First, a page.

‘Wreck-it Ralph’ plays crowd

courtesy of Walt Disney Studios

“Wreck-it Ralph,” a computer-animated adventure film directed by Rich Moore, is an intriguing, loving film, with engaging characters, suspenseful conflicts and an arcade-inspired music score.

Moore, who co-wrote the story with Phil Johnston and Jim Reardon, brought two important lessons to “Wreck-it Ralph”— the process of self-discovery and the importance of friendship.

Not satisfied with staying the villain in “Fix-it Felix Jr.,” Ralph (John C. Reilly) takes matters into his own hands and journeys through various generations and genres of games to prove to himself and others that he can be the good guy.

What makes the film more interesting is that it is geared toward children and older generations. Although a kid-friendly genre, the film has a few moments of intense action, violence and suspense that will surprise adults.

Another appeal to the older generation is its obvious references to popular franchises such as “Super Mario Brothers,” “Sonic” and “Call of Duty.”

The writers were able to take these popular characters and build a whole different personality for themselves in lieu of those portrayed in the video games.

Despite these cameos, very little interaction occurs between the famous characters and Ralph, something that trailers emphasized but was not in the movie.

Original characters of the film resembled the tone of their game. For example, Sergeant Calhoun (Jane Lynch) demonstrates the serious, strong and military genre of her native game “Hero’s Duty,” which pays homage to the game franchise “Call of Duty.”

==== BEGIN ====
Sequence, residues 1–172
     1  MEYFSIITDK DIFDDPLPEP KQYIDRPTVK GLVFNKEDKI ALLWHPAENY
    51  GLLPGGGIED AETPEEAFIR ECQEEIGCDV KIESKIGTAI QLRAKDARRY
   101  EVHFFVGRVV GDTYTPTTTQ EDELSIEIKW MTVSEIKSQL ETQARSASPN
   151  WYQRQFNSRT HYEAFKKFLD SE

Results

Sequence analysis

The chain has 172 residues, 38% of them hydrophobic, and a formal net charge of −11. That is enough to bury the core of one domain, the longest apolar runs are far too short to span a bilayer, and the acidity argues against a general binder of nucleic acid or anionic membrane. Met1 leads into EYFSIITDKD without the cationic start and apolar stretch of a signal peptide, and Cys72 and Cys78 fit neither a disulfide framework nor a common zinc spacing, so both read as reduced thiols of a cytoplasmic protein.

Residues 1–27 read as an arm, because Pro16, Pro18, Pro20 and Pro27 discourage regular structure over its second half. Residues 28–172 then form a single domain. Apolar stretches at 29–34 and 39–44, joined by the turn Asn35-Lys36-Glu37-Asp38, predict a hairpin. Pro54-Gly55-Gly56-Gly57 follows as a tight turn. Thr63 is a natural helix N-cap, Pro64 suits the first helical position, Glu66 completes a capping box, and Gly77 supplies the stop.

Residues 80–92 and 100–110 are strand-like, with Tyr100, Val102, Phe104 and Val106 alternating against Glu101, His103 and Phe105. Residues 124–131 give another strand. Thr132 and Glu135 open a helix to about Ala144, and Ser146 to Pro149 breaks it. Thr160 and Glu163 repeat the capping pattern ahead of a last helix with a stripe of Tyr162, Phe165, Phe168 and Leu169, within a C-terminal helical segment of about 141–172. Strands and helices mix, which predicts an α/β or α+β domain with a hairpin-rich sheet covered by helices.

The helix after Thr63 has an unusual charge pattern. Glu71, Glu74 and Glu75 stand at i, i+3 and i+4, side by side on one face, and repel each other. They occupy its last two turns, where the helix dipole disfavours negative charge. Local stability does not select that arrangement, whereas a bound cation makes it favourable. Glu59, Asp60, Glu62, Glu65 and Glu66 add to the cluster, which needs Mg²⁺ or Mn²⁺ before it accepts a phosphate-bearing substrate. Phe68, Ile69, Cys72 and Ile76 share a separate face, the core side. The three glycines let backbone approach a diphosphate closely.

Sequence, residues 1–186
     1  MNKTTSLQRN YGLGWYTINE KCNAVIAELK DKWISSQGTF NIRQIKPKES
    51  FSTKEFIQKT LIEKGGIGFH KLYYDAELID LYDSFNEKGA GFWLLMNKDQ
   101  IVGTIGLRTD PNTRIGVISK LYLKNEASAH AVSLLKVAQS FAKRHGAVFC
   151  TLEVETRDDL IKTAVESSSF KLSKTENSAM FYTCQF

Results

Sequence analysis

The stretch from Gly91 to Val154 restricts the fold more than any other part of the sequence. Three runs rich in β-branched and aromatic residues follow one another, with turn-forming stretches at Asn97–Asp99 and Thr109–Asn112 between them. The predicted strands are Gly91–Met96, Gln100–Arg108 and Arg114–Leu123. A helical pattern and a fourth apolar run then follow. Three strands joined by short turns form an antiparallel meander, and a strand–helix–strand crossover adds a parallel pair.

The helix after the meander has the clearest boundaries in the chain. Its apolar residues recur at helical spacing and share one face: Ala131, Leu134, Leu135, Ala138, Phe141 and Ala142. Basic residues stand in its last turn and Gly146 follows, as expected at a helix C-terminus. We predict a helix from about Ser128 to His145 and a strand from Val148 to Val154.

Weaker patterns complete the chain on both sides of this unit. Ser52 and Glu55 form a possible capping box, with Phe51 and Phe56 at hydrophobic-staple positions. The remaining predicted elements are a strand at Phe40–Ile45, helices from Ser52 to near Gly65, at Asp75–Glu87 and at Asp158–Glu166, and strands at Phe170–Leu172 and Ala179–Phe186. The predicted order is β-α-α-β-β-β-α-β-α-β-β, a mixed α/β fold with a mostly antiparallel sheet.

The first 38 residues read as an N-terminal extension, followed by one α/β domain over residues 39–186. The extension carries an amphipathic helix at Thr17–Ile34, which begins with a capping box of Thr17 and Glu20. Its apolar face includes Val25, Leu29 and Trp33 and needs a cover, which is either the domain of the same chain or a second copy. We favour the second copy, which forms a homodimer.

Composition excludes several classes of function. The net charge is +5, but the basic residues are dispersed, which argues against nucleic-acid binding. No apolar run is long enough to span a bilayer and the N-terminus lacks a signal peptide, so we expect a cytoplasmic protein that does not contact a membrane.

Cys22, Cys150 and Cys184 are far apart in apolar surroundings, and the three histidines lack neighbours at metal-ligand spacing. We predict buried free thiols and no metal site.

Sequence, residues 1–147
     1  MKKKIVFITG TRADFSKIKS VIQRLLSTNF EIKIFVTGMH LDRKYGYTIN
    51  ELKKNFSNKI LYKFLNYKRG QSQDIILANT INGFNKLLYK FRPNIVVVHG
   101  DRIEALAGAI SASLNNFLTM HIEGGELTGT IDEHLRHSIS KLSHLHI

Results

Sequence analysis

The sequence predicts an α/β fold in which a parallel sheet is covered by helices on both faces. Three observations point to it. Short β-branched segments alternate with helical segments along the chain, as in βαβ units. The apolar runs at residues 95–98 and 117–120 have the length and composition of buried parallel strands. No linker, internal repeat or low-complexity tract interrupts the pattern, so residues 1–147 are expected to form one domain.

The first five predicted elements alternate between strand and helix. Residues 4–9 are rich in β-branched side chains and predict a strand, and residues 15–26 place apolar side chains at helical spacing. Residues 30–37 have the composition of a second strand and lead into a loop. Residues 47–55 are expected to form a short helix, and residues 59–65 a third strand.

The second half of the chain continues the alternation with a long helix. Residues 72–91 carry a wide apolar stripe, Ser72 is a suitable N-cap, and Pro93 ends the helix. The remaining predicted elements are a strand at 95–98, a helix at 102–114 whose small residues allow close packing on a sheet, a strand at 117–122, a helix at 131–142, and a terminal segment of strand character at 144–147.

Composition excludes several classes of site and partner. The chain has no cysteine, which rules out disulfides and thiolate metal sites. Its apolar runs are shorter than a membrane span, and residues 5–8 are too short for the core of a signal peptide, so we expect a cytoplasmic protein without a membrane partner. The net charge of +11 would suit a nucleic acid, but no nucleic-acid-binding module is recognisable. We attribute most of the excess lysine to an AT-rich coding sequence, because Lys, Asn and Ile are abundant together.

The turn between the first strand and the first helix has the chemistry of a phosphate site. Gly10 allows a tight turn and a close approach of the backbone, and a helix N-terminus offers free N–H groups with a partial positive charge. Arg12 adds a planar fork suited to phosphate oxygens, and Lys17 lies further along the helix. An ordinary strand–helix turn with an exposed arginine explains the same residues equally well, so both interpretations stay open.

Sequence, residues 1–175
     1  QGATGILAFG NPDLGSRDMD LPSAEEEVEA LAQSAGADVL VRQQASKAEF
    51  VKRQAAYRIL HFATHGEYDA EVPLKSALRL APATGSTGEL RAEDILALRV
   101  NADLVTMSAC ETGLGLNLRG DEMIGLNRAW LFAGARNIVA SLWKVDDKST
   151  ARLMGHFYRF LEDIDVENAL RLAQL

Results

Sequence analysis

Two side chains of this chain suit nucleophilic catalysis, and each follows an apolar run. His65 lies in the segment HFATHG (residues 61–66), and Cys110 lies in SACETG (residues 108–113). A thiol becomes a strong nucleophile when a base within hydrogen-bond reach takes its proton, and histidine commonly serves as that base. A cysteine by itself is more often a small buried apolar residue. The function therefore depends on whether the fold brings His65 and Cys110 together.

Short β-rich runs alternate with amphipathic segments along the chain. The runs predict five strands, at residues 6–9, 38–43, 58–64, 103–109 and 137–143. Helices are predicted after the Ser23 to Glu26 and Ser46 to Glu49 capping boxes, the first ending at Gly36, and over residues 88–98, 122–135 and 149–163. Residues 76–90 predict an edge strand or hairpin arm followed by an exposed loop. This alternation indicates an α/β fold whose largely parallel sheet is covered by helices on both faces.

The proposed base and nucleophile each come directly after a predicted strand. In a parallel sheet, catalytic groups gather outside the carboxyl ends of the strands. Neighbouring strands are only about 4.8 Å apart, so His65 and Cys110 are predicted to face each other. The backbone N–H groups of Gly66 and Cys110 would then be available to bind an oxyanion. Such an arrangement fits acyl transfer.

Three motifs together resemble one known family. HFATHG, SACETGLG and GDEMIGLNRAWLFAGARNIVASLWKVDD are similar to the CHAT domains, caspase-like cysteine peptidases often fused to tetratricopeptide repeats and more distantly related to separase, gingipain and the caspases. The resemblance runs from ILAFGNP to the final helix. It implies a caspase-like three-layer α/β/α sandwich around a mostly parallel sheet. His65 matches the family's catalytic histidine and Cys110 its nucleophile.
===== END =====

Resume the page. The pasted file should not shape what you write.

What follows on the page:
Vanellope von Schweetz (Sarah Silverman), who becomes as Ralph’s companion, hailed from the “Candyland”-infused game “Sugar Rush,” has the personality of a bratty ten-year-old. All of the characters in the film were continually animated, fun and witty.

This film is slightly different from other Disney films because of its multi-conflict storyline.

About three or four conflicts simultaneously occur that could  distract the audience from the central storyline.

The endless activity and movement prevent the film from becoming boring and dry.

With each ensuing conflict, a booming dubstep or arcade-esque catchy tune was integrated to emphasize the conflicts presented in the film.

The score in the film, is generally centered on the arcade environment that blends in with the storyline as well as the background.

Composer Henry Jackman also provided a fun and appealing music score for the film with an appropriately vintage arcade theme, which matches the video game cameo environment.

Artists such as Rihanna, Skrillex, Owl City and the Japanese girl group AKB48 featured their original songs for the soundtrack in line with the arcade-inspired ambiance.

It was apparent that the composer was also not afraid to use older songs for the film, such as “Shut up and Drive” by pop singer Rihanna.

Although the film does not tug  on the heartstrings as “Toy Story 3” did, it still brings excitement to children and tears to the older generation.

Moviegoers will delight in these digital misfits finding their place in the game world.